I was fortunate enough to have that happen to me thanks to a gentleman named Jak Smyrl.
He was the first staff artist for The State newspaper, the major daily newspaper that covers Columbia, S.C., and the surrounding area. His satirical map of South Carolina (rife with intentional misspellings and regional in-jokes) was first published in the late 1960s and since then has become iconic. His style mimics that of many of the best Mad magazine artists with a flair that was straight-up Southern.
Back in 1995, when I was a young reporter and columnist at the Chronicle-Independent in Camden, S.C., Jak, who had retired to Camden, was suggested to me as someone who could create a logo for Rockin’ Horse ’96 (top).
Rockin’ Horse was a concert that grew out of a newspaper column I wrote calling for more entertainment surrounding the Carolina Cup steeplechase event, which annually brings in more than 60,000 visitors and millions of dollars to the town of about 8,000 or 9,000 people. The concert was held on the grounds of Historic Camden as a benefit for the Revolutionary War historic site.
In the absence of our own newspaper staff artist I could hire to do the logo on the side (we got all our editorial cartoons from syndicates), one of the ladies in the layout department suggested I get in touch with Mr. Smyrl. She described him in loose terms as a former artist for The State, a description that really only scratched the surface.
We met at his home studio and I did a rough sketch of what I was looking for. He gave me an anticipated date of delivery for the final image and we worked out terms that were entirely too reasonable for someone of his stature (I seem to recall he asked about $100 for the image).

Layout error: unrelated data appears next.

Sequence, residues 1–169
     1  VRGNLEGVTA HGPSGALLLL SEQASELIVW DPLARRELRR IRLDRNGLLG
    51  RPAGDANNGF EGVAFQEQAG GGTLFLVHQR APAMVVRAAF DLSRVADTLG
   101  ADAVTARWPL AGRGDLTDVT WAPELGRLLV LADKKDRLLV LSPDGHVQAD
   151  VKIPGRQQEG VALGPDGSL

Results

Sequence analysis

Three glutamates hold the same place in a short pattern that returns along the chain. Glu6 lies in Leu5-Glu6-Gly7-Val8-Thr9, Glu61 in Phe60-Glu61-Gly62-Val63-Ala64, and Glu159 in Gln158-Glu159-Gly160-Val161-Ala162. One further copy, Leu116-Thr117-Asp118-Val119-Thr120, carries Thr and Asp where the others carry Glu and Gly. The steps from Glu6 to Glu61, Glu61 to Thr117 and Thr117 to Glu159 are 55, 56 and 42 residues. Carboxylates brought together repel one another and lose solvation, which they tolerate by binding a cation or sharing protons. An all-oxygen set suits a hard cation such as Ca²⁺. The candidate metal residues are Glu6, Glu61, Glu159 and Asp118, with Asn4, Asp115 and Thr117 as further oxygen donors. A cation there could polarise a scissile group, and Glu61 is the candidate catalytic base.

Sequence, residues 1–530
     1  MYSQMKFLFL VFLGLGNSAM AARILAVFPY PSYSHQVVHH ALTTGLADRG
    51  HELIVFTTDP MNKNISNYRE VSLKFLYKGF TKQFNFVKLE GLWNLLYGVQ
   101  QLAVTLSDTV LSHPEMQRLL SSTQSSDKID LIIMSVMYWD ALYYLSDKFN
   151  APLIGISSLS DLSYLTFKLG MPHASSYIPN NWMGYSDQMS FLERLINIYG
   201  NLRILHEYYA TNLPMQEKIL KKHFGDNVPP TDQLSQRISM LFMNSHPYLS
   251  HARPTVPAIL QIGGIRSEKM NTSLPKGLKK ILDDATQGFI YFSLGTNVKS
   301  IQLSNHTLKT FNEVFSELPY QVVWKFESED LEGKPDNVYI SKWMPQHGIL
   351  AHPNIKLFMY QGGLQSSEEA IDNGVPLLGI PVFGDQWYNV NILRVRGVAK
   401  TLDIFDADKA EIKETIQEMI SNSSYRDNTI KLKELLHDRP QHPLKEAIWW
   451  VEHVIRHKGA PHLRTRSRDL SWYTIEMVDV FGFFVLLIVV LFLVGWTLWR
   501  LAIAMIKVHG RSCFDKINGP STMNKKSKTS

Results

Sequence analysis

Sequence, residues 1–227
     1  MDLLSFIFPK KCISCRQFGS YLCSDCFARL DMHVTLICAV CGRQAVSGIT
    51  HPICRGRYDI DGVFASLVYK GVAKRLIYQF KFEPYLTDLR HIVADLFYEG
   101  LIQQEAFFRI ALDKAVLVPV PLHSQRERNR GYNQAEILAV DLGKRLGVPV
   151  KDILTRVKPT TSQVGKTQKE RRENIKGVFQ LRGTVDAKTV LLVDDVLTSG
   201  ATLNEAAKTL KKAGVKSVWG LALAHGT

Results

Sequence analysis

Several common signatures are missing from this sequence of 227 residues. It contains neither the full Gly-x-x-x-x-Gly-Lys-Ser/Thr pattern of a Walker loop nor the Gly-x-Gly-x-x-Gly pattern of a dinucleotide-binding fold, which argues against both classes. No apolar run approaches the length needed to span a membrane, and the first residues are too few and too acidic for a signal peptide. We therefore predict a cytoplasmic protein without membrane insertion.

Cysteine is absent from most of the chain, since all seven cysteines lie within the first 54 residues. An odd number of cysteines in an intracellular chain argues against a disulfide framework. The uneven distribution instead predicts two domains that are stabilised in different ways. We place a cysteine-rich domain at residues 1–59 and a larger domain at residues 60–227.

When I went to pick up the sketch, he was out of the house, but he had left it for me in a manilla envelope adorned with the personalized image you see to the right. As a result, an item that would otherwise have been recycled or tossed in the trash became, for me, a valuable work of art.
Jak, who died in 2007, is the subject of a new exhibit that was recently dedicated at the University of South Carolina. That means a significant number of people who actually know what they’re talking about considered his work a valid subject for study and appreciation.
I’m not sure where the rocking horse-and-jockey drawing I commissioned for the concert stands in that body of work, but I do know it adorned t-shirts, tickets and banners associated with the event. If you lived in or visited Camden in the spring of 1996, chances are you or someone you know could still find a Rockin’ Horse ’96 tee stuffed in the back of a drawer somewhere.
Maybe if I contacted the University of South Carolina they’d ask to include it. If so, I’d happily donate it to the collection.
However, as for that small bit of an ordinary manilla envelope that in a few pen strokes became something only for me, that I’ll treasure as my own little napkin from Picasso.